This weekend, my husband was gone for three days at our church men’s retreat. I am so thankful that he was able to get some time away to be encouraged by other men and relax and serve. And at the same time, I knew that a weekend of him being away meant a lot more of both easy and hard at our house. 🙂
I’m an introvert, and that’s where the “easy” comes in. With my husband out of town, I have evenings completely to myself, to work on projects or watch a Hallmark movie (which he will endure through, but it’s not exactly the manly type of movie he enjoys!) or read or just sit and drink a cup of tea in silence. “Easy” also comes in with mealtimes, as the children and I will generally eat up all the leftovers or have “kid night”–meaning, an assortment of snack-y type foods and appetizers for them to graze on while we watch a movie or play a game. When Daddy is home, I like to cook nice full meals, but when he is away, we change things up a bit.
The “hard” comes in when you consider that with one spouse gone, that leaves the other in full charge of the household and all its occupants. In this case, half a dozen children to feed, teach, dress, supervise their work and play, review memory work with, get out the door to church on time, and of course, put to bed (which is perhaps the hardest task of all on some nights). And then remembering to do laundry, vacuum, clean up, set the trash out on the appropriate day, and keep things generally in order.
If there’s one thing I’ve learned in the last ten years, it is that hard is NOT bad. In fact, hard is sometimes a sign that the most good is going to be harvested. Pretty much anything worth doing is going to be hard work, whether it is losing weight, remodeling a house, birthing a child, completing a work project, working through conflict, or getting up the courage to introduce yourself to someone who might become a friend. And if we shy away from those things that are hard, then we are going to miss out on an awful lot.
There are certainly things in my life that either I or other might consider “hard” things. Some are obvious, some are not; some are things that may come easy to me but appear hard to others, and some are things that are very difficult for me, but that others find easy. My mother-in-law can cook an incredible meal for forty people several times a week and entertain them beautifully in her home; for me, the very thought exhausts me! Yet the prospect of forty children in my home for community VBS for a week gives me energy and life and seems like no big deal, whereas the very idea might terrify others.
Marriage is hard. Parenting is hard. Obedience to the Lord can be hard. Living in a fixer-upper can be hard. Loving my neighbor who constantly parks in front of my mailbox can be hard (and downright annoying). Serving alongside people who rub me the wrong way is hard.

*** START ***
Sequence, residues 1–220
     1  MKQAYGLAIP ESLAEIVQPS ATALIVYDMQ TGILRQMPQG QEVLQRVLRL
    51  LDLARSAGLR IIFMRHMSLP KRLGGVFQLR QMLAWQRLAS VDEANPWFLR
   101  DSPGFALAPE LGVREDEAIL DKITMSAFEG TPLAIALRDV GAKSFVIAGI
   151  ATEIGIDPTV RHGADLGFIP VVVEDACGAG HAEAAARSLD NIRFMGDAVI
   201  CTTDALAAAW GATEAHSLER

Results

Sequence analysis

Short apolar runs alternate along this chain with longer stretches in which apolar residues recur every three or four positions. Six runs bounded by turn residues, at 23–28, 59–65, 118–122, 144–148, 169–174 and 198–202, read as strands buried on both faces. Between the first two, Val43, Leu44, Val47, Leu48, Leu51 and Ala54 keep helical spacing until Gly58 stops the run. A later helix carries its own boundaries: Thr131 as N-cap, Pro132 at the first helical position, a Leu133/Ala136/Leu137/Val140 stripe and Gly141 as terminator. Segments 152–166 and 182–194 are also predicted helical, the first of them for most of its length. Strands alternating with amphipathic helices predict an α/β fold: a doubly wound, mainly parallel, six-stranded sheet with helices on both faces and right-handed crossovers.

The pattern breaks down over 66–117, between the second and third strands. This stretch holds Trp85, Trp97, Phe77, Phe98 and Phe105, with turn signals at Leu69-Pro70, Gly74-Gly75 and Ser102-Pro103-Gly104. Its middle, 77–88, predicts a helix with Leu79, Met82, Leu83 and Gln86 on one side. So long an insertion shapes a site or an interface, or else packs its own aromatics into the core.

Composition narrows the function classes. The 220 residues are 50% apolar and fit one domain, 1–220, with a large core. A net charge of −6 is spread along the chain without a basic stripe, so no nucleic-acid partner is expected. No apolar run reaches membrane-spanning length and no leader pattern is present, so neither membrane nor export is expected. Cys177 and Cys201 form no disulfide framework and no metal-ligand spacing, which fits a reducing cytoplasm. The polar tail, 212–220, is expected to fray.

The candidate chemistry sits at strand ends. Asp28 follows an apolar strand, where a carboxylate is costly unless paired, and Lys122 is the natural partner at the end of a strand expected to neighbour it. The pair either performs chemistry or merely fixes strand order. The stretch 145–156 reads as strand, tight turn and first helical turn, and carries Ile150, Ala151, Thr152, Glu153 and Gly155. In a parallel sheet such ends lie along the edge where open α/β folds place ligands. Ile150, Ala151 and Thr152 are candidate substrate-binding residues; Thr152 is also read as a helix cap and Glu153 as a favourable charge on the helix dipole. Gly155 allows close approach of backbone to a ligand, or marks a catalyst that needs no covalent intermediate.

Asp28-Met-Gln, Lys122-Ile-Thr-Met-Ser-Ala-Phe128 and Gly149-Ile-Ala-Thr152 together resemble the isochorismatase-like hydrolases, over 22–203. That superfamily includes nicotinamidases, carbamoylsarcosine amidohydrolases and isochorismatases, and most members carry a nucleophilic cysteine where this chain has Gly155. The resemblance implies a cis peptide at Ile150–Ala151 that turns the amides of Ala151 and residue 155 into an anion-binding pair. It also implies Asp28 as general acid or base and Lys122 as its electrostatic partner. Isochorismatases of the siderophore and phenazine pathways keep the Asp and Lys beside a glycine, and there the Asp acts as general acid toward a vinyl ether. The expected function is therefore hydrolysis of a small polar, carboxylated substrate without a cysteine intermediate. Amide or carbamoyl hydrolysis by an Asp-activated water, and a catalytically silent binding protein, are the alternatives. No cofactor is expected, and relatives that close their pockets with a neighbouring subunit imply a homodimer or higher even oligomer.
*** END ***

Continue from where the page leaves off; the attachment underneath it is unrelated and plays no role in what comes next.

Living in small spaces has challenged my selfishness, my greed, and my self-sufficiency. Do I care more about these items than people? Do I love it so much I can’t let it go? Am I content with what God has graciously given to us, and am I doing my best to wisely steward it? Do I trust that if I need something again, God will provide for me?
Our fixer-upper home projects have challenged my contentment and pride and attitude. Am I content even in whatever stage of a project the house and yard are in? Am I too proud to let me friends see my unfinished places? Am I joyful even when I’m tired of spending hours fixing things or losing another weekend with my husband because he has to work on our fence project a year in the making with months still to go?
Marriage has challenged my self-sufficiency, my desire for control, my self-protection mechanisms…am I too proud to admit that sometimes I need help or affirmation or just to be held for a while? Do I trust that the Lord will speak to my husband and lead Him, and that He will bless my submission even when it is hard or when I disagree? Can I strip away my masks long enough to be honest and vulnerable, sharing with my spouse the deep parts of myself that I keep hidden away from others?
Children have challenged my patience, my endurance, my pride, my selfishness…pretty much anything I failed to list earlier. 🙂 Do I recognize that I am weak and cannot love and train my children in my own strength? Have I asked God for the humility to repent before my children when I sin, and to swallow my pride when they misbehave in public so that I can respond appropriately and in love? Am I willing to die to my own desires and wants in order to faithfully take the time needed to parent my children? And do I realize that in the end, they are not mine anyway, but God’s?
For all these hard challenges, I don’t think any of us would say that homes, marriage, children, or any of those things are bad. They are hard because growing pains hurt. Pulling out sin-weeds hurts. Tearing up old ground to make room for new seeds is messy and complicated. Watering and tending every day is a discipline, which isn’t always pleasant at the time. Waiting can be tiresome and discouraging. It isn’t easy to invest so much so faithfully for so long, wondering if you will even see the return for your labor in your lifetime. Some seasons feel endless and dry and cold and bleak. But as Scripture reminds us, “let us not grow weary in well-doing, for in due time we shall reap a harvest if we do not lose heart!”
Dear readers, whatever your “hard” is in life right now, be encouraged. Hard is not bad. Hard is an opportunity for you to lean on Jesus and realize that you can do all things through His strength. All the things that He has called you to do, and all the things that He requires obedience in, He has already provided you with the strength and ability to fulfill. So take heart and take courage, and take JOY! The joy of the Lord is your strength! The harvest is coming. 🙂